There are tons of options, but after much deliberation, we ordered ceviche mixto, encebollado, and camarones al ajillo. Everything was so flavorful and fresh! We loved the camarones as they were juicy and seasoned perfectly. The ceviche and encebollado were both world-class as well. You have to try encebollado while in Ecuador and we highly, highly recommend Siete Mares. The prices were not cheap by Ecuadorian standards, but still fit within “normal” ranges for meals out. Furthermore, we were the only non-Ecuadorians there so it definitely seemed like a local haunt.
Fun fact: We actually loved the encebollado specifically so much that we wrote about it for a blogging collaboration on soups around the world! You can check it out here.
Walking off this massive lunch was definitely in order, so we meandered our way through the La Mariscal neighborhood. This area is backpacker central, and definitely a “gringo’s paradise” as there are bars and restaurants around every corner, clearly catering to tourists.
Plaza Foch is the epicenter of the neighborhood, and is cool to walk through… but as you can likely expect, not our scene. We saw more Americans here than in our whole time in Ecuador. If you are looking for sports bars and raucous nightlife this is your spot, and there are lots of hostels here. We recommend staying in the Centro Histórico, but there’s something for everyone in Plaza Foch, too.
In the evening, check out Bandido Brewing (below left photo) or Cafe San Blas for a fun time! As for us, we opted to go to bed early due to a really big Day 3, which of course we’ll share next!
Day 3 and Day 4: Volcán Cotopaxi and Laguna Quilotoa Day Hikes
On Day 3 and Day 4, we decided to book 2 day trip hiking excursions. On Day 3, we hiked the breathtaking (literally… that altitude, though!) Cotopaxi volcano, and on Day 4, we hiked down to the waterfront and back at the Laguna Quilotoa, a crater lake. We had an absolute blast on both hikes, and the experience was definitely up there in the best days of our lives.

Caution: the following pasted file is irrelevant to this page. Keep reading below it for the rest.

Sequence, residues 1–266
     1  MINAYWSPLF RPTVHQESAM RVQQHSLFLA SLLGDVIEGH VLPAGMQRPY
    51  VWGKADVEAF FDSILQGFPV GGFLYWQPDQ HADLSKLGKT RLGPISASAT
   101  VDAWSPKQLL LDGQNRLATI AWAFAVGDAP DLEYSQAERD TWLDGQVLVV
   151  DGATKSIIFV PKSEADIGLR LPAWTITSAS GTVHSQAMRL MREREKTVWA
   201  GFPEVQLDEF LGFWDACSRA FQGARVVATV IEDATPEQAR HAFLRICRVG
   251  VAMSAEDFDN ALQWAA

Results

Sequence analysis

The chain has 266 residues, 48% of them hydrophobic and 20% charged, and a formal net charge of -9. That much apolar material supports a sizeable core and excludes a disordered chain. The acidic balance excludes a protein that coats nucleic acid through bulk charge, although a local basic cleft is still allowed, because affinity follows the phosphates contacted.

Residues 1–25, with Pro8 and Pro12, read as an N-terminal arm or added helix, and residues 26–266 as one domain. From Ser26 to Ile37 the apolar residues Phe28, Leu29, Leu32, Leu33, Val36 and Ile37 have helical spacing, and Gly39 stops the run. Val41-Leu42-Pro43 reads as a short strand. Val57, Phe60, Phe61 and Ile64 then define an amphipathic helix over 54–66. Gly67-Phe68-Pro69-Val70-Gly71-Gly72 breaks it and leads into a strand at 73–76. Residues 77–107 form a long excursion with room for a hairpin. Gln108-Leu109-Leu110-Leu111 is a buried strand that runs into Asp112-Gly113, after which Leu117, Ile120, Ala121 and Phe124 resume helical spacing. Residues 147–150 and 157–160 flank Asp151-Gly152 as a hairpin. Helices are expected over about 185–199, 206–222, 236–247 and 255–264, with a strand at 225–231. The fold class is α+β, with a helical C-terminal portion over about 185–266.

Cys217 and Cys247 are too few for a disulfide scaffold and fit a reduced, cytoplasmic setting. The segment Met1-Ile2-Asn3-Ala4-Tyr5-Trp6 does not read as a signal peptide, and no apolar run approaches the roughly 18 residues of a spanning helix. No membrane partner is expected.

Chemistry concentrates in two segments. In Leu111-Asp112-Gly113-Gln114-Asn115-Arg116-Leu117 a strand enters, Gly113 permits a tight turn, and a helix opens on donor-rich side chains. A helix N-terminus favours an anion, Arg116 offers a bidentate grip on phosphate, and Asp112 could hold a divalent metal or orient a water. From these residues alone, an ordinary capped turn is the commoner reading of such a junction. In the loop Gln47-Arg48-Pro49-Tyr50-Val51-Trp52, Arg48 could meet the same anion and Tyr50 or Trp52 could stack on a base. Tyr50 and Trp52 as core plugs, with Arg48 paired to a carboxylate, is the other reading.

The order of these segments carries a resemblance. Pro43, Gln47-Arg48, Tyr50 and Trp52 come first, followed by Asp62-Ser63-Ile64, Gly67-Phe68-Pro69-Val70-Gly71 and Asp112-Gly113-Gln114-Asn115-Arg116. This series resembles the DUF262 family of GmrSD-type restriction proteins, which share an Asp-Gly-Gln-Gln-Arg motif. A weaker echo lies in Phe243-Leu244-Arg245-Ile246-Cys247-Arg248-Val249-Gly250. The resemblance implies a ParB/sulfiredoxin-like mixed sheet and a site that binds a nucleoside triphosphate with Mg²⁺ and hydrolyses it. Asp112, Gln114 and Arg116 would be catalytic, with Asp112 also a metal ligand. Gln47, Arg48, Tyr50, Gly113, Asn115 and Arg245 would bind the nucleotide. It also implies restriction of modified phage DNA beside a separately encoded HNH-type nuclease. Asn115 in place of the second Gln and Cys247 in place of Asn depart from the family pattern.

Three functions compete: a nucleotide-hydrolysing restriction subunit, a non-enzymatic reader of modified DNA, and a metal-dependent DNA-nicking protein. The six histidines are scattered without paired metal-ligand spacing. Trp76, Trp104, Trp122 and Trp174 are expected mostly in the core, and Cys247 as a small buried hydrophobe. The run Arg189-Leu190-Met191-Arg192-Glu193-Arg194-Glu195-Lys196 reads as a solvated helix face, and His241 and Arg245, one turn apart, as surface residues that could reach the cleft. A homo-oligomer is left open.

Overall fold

If you want a thrilling day trip that you will not forget, we think that Cotopaxi can’t be topped, and the Laguna Quilotoa is definitely a contender, too.
However, we found that both experiences left us with lots of tips and tricks to recommend, so we decided to write a separate post with all the details you need. You can check it out here.
Note: the altitude on both of these day hikes was quite daunting. Looking back, we don’t recommend doing this on day 3 unless you’re very crunched for time like we were. While we would rank the physical challenge level of both hikes as moderate in theory, the altitude made them both rather more difficult in practice. Remember that Quito and its surroundings measure up at over 3000 meters (9000 feet) above sea level, and the highest point of the Cotopaxi hike, the glacier portion, puts you at 5000 meters. This is no joke!
Day 5: Quito
Our last day in Quito we had left somewhat blank as we wanted to have the option to go back to any place we previously visited or check out a new destination.
We ended up walking around the northern part of Quito, in the modern section of the city. We ambled around the Parque la Carolina and window shopped in the fancy Quicentro Mall, just for fun.
Another fun option for the day is to check out the sprawling Parque Metropolitano de Quito or ride up the TeleferiQo, a huge funicular.
After grabbing one last coffee at our beloved Juan Valdez (an addiction we first gained during our time in Colombia which has not abated since) and packing up, we headed to the bus terminal to go to Baños de Agua Santa, usually just called Baños.
Baños is a must-visit for adrenaline junkies, waterfall lovers, and adventure-seekers of all ages, budgets, and risk-propensities, and we can’t recommend it enough. For a guide to biking La Ruta de las Cascadas in Baños, see here. For a more general, “top 5” style guide to your trip, see here.
Despite really looking forward to our few days in Baños, we were actually pretty devastated to leave Quito. Even though we only stayed 5 days, we absolutely fell in love with the city and even joke about moving there. Nonetheless, we know we will be back in some form, someday– hopefully soon!
We hope you’ll share ALL your Quito stories with us in the comments! We are so nostalgic, and would love to hear your experiences. For other Ecuador recommendations, such as Las Cajas National Park and Cuenca, check out our Ecuador landing page.